NASA's spending way too much time and money studying Earth, and is neglecting the rest of outer space, said Sen. Ted Cruz (R-TX).
“It is time for man once again to leave the safety of the harbor and to further explore the deep uncharted waters of deep space,” Cruz said Thursday at a hearing in the Senate Commerce Subcommittee on Space, of which he recently became the chairman. That's climate denier code for "stop talking so much about the terrible things we're doing to our planet and just go away. Far, far away."
As feared, this is what happens when you put a guy who refuses to accept that climate change is a problem in charge of the nation's space agency, which sees the planet we call home as one of its top priorities. The agency credits its research with helping the U.N. International Panel on Climate Change conclude that the increase in greenhouse gas emissions is contributing to the rise in global temperatures, and is working to answer other important questions: "How much warmer will it get? How will sea level rise progress? What will happen to soil moisture, and therefore agricultural production, in a warmer world?"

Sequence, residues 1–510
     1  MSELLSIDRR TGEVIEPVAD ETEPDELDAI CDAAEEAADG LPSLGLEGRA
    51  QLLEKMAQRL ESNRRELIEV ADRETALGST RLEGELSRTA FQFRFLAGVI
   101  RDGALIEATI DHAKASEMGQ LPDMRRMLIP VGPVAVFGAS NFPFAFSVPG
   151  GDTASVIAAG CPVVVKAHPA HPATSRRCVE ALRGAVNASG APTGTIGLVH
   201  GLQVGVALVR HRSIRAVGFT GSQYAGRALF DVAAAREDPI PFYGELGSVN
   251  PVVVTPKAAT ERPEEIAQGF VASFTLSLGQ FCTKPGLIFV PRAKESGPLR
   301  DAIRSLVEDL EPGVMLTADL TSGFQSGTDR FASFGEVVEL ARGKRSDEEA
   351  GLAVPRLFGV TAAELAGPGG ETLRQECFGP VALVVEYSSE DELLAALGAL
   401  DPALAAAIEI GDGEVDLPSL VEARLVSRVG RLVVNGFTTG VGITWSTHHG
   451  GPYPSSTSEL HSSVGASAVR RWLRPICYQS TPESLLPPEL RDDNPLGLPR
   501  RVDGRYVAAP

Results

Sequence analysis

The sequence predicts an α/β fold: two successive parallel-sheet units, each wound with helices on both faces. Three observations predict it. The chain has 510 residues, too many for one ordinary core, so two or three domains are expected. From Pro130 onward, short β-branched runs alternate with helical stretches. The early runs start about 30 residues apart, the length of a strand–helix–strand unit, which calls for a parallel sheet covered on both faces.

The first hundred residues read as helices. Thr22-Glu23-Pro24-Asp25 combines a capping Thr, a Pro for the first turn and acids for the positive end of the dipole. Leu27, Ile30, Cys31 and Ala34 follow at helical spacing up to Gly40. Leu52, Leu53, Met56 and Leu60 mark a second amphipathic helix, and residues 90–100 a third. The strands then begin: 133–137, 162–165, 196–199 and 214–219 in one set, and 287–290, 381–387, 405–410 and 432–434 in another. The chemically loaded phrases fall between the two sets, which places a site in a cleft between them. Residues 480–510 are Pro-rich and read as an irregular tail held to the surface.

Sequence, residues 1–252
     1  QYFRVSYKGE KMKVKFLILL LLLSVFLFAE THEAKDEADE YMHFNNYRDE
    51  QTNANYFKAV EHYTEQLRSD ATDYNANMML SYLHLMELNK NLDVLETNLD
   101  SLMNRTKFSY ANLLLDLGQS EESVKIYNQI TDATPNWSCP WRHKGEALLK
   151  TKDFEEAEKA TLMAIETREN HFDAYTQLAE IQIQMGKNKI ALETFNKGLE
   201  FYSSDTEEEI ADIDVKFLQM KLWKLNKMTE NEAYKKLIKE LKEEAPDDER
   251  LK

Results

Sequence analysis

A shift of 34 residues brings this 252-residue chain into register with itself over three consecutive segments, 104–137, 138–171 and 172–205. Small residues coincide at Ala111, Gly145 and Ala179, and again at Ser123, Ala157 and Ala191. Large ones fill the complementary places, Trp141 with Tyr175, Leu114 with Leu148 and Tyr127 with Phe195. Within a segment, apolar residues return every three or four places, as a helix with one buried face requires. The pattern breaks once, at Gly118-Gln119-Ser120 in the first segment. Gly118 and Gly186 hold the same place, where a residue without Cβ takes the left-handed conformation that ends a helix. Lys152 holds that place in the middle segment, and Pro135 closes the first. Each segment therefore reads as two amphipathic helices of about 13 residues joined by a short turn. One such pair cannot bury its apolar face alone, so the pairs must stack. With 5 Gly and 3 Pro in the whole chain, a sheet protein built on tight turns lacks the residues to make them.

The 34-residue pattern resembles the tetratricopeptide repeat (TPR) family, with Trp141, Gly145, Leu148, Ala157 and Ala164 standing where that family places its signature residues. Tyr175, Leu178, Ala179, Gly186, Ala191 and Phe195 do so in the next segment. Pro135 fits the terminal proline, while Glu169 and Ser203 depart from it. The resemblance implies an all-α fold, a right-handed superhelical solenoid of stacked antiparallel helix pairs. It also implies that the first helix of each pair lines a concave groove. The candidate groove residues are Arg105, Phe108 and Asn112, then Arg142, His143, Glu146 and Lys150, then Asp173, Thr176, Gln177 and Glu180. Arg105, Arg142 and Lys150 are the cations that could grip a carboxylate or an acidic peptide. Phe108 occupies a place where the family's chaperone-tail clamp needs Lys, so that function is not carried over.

But according to Cruz, NASA's actions are merely an indication that the agency is losing its way. “I am concerned that NASA, in the current environment, has lost its full focus on that core mission," he said. Discussing the president's $18.5 billion budget request for NASA for 2016, he complained that funding for Earth sciences has increased by 41 percent since 2009, while space exploration has seen a 7.6 percent decrease.
NASA Administrator Bolden had a different interpretation of his agency's role, however. "Our core mission from the very beginning has been to investigate, explore space and the Earth environment, and to help us make this place a better place," he told Cruz.
"We can't go anywhere if the Kennedy Space Center goes underwater and we don't know it -- and that's understanding our environment," Bolden said. "It is absolutely critical that we understand Earth environment because this is the only place that we have to live."